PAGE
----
Genealogy the easy way was the theme of the talk I gave today at the mini Seminar we had. It could be one of the easiest ways to start your researching.
You grab your laundry basket and start looking for things around your home that are
items that were given you, acquired by you or inherited. Put those items in the basket.
You look at photo's, albums, cook books and the like for clues to find your missing kin. Again put them in the laundry basket. See how easy this can be.
You contact family members near and far and ask questions.
As you find the photo of Grandma and Grandpa you put them in your basket. (I wanted
to do that but the room was not conducive to the situation). The large items you can not pick up you write on a piece of paper. Maybe the beads from Aunt Helen or the
saw from Uncle Albert, should be mentioned. The anvil that was Grandad's or the leather awl for making shoes, repairing saddles, etc. Remember Grandad had a name make sure you write Grandad Cecil Hoffman verses Grandad. :>)
Clues can be found in a jewelry box, a fishing tackle box, a tool box, a dresser drawer or on a shelf.
Do you remember the time line that the picture was taken, what they did at that time? How was the family dynamics then? Families have been drifting for over a 140 years.
I did read this last week that people are beginning to shift back to family mode only recently which implies money when it is minimal, family comes to the forefront.
This you will learn more as you go further in your studies of how to do.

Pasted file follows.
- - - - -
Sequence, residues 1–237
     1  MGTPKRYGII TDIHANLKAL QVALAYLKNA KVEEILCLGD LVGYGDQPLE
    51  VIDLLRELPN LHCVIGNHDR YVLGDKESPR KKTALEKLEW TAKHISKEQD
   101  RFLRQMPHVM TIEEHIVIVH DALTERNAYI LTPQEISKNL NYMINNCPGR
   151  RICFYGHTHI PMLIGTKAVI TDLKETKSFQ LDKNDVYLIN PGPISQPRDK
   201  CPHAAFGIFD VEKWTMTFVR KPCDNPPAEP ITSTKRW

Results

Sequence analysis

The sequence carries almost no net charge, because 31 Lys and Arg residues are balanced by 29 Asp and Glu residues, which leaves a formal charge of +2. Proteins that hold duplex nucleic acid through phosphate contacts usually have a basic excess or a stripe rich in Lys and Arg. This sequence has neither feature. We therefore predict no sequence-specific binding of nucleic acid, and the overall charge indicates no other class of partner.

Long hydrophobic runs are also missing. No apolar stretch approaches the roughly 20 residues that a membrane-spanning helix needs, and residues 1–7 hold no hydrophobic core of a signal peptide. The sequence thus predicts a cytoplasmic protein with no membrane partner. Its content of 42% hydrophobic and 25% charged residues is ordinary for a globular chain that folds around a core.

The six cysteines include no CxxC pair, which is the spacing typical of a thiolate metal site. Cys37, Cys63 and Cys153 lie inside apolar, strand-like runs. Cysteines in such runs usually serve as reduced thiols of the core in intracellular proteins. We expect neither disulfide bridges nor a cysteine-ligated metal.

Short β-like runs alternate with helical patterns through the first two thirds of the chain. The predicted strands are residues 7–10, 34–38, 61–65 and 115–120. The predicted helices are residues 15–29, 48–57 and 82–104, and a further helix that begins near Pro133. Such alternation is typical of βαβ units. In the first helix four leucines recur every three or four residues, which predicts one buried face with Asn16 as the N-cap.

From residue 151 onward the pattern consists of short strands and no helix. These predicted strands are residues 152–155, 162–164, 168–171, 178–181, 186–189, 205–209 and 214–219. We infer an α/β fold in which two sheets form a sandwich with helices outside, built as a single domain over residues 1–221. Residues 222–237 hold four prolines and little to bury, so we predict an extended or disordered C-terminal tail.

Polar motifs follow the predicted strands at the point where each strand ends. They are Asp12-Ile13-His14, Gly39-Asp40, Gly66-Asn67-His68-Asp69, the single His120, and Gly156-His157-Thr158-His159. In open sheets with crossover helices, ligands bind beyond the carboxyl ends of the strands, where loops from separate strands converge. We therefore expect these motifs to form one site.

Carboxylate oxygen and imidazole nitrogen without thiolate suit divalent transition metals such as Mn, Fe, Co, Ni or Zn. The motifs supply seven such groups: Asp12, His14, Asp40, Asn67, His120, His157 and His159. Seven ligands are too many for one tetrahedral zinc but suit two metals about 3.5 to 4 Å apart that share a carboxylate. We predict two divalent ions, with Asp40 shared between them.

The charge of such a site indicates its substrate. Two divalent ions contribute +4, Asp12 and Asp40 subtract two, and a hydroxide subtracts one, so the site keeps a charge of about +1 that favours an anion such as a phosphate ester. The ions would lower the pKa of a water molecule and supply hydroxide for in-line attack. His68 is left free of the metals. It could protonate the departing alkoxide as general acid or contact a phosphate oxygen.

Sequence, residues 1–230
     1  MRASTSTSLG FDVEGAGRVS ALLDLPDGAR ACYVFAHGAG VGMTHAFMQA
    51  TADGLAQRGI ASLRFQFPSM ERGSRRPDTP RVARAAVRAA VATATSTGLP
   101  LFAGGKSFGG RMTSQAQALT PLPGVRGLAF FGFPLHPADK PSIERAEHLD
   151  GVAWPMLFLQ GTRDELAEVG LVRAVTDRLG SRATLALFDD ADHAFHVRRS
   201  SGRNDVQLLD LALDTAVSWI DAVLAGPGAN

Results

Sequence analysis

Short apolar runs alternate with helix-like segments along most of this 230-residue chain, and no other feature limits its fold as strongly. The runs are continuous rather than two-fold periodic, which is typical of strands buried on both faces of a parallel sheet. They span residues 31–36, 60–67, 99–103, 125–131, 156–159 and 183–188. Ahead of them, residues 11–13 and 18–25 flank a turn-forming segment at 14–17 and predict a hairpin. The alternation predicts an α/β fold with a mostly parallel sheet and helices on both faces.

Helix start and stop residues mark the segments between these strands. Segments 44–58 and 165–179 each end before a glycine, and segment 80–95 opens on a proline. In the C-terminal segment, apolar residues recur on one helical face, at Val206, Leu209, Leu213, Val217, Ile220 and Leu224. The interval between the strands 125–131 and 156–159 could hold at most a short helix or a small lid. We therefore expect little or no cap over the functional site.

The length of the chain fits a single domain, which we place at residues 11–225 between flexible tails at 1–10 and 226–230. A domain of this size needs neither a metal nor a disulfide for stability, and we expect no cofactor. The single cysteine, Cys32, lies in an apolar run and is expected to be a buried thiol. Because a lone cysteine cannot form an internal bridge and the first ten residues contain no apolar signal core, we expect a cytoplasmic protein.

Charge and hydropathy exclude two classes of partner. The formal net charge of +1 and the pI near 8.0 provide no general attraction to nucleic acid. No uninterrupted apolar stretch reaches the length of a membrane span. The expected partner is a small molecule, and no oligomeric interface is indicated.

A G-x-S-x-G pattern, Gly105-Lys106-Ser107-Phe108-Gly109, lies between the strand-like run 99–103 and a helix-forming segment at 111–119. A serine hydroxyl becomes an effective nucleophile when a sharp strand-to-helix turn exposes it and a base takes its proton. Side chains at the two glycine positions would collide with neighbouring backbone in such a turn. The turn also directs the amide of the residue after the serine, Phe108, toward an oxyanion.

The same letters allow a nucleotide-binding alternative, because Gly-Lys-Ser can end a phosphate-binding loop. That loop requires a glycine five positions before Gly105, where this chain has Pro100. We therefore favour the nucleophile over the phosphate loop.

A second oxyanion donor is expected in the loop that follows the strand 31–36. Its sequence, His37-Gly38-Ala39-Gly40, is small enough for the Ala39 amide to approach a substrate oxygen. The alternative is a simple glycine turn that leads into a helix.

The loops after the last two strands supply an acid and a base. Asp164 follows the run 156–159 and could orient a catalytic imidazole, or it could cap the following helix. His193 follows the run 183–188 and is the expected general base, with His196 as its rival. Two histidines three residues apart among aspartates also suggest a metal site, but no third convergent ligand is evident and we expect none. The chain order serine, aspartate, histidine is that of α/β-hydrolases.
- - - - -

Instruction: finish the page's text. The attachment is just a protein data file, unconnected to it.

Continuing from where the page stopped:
Families worked together to make things happen to survive in our past. It did not matter so much if you were male or female, it was family from the youngest to the oldest the family worked together in some form.
The clothing in pictures and the style of the photo makes a photo age identifiable.
There are books in the library to help you learn this as you go on your adventure.
The age of a car, if enough is seen can also help to identify the time of event.
My theory is you can do genealogy and not be at the library or a conference, but just wander through the house and pick up the objects that remind you of various
past events. It can be a photo or object, that triggers thoughts of a great time or a sad event. Grab those items and put in the basket.
The larger items you write on a piece of paper so that you can go back and catalog them as part of your history also. It is a form of Siting your Sources.
Remember to use acid free pens or pencils to mark the names of those you know on your pictures. Never write on the back of a picture across where the face is on the front. Even Acid free does some damage to the photo's over time.
Look for crocheted, knitted, loomed items you have. Embroidered samplers, quilts and table clothes. Pillow Cases you, received used to have crochet work and embroidery on them. Did you do them or some one give them to you? Family Bibles if your lucky to have them, are a great source if they were filled in by people's of our past.
Do you have a woodworking ancestor and Uncle and cousin, maybe you do woodworking also your self. The predisposition for various careers are genetically handed down in some format. Another reason why it is so interesting to do genealogy.
Medically the ancestors gave us many predisposition conditions of the body.
If we log what we learn we can help our children and grandchildren and some times even ourselves to not be as ill.